There are two basic ways that this process can play out: the anaclitic pattern, and the introjective pattern.
Even though these terms are not currently used in the DSM, some therapists may still use them to label different types of depression.
A "despised" self-concept starts to form, and the child finds it comfortable to think thoughts along the lines of "I am an unlovable and bad person." At the same time, the child also strives to present a perfect, idealized (and therefore acceptable) facade to the parents as a means of compensating for perceived weaknesses that make him or her "unacceptable".
Caught between the belief that he or she is unacceptable, and the imperative to act perfectly to obtain parental love, the child becomes "neurotic" or prone to experiencing exaggerated anxiety and/or depression feelings.
One popular branch of modern psychodynamic theory, known as object relations theory, is concerned with how people understand and mentally represent their relationships with others.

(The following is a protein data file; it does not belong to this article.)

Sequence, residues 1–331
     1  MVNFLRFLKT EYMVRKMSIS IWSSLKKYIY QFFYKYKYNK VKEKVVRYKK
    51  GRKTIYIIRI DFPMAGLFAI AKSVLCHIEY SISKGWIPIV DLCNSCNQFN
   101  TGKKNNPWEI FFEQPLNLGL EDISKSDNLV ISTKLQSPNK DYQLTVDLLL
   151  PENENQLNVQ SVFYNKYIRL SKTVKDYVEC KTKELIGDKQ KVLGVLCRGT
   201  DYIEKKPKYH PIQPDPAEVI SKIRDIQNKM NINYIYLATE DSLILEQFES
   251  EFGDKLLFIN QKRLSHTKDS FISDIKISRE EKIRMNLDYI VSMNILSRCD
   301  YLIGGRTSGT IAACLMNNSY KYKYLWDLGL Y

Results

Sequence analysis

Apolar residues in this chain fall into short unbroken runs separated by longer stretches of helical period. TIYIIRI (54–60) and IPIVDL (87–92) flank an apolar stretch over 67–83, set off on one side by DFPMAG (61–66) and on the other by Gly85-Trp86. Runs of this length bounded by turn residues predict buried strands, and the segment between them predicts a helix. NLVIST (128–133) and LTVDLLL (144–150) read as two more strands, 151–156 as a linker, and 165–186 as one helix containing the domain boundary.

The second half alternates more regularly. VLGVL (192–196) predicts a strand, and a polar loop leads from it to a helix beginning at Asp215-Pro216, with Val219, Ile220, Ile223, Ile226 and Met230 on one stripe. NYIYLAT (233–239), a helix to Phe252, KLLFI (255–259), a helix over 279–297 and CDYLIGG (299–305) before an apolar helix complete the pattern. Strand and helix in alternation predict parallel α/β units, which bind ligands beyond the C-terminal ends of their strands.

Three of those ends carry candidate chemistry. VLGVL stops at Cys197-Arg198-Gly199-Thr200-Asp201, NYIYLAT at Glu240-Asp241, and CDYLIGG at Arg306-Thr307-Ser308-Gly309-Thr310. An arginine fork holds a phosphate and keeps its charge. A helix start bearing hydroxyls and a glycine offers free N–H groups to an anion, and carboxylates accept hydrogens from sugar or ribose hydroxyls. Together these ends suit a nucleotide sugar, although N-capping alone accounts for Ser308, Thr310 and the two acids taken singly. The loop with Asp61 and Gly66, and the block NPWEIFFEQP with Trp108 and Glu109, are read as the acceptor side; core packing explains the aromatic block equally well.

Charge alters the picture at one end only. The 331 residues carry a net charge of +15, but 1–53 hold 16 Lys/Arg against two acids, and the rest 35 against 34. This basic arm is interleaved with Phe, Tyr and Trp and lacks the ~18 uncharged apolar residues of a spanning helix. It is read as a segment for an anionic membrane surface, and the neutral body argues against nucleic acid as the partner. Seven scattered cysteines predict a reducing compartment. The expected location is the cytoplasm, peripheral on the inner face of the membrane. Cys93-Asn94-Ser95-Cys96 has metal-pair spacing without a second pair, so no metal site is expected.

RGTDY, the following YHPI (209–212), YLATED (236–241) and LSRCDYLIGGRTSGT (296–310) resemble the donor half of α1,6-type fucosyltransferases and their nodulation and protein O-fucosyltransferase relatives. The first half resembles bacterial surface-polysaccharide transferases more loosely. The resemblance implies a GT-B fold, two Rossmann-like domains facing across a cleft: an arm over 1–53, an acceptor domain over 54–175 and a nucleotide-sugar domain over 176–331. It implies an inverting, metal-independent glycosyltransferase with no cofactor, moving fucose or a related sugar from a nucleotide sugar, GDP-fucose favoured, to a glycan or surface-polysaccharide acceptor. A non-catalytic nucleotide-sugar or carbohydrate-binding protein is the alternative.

The "objects" in object relations theory are representations of people (how other people are experienced, represented and remembered by the person doing the objectification).
So, out of fear, love, and guilt, the child represses anger toward the parents and turns it inwards so that it becomes an anger directed towards him or herself.Consequently, different schools of thought within psychology have developed their own theories as to why someone becomes depressed.Psychodynamic Theories Psychodynamic theory was the dominant school of thought within psychiatry and much of clinical psychology during the first part of the 20th century, at least with regard to ideas about how psychotherapy should be conducted.The child also feels a perpetual sense that he or she is not good enough, no matter how hard he or she tries.This neurotic need to please (and perpetual failure to do so) can easily spread beyond the situation in which it first appears, such that the child might start to feel a neurotic need to be loved by everyone, including all peers, all family members, co-workers, etc.